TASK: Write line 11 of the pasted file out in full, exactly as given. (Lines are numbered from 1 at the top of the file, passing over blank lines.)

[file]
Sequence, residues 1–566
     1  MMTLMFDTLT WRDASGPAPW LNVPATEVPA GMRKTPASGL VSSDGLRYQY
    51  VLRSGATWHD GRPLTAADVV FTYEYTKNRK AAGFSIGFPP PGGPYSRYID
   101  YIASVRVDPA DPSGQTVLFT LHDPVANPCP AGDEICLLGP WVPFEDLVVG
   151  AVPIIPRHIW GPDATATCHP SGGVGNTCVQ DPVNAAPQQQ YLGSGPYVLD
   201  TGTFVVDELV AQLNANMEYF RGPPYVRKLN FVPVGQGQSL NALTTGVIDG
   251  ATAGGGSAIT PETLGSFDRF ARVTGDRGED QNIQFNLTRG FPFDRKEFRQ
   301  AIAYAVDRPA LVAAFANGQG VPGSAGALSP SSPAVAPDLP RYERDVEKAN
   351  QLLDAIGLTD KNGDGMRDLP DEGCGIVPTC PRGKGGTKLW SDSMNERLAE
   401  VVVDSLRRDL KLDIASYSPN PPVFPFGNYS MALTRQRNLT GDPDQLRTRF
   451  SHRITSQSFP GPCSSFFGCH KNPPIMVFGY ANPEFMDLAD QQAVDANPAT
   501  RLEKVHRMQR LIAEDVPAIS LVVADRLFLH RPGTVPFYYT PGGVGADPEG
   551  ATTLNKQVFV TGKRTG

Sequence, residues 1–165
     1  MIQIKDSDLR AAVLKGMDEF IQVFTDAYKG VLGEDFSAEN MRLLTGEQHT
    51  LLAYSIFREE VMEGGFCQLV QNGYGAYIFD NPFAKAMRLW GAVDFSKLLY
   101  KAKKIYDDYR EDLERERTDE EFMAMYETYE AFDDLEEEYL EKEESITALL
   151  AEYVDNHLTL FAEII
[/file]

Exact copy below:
   451  SHRITSQSFP GPCSSFFGCH KNPPIMVFGY ANPEFMDLAD QQAVDANPAT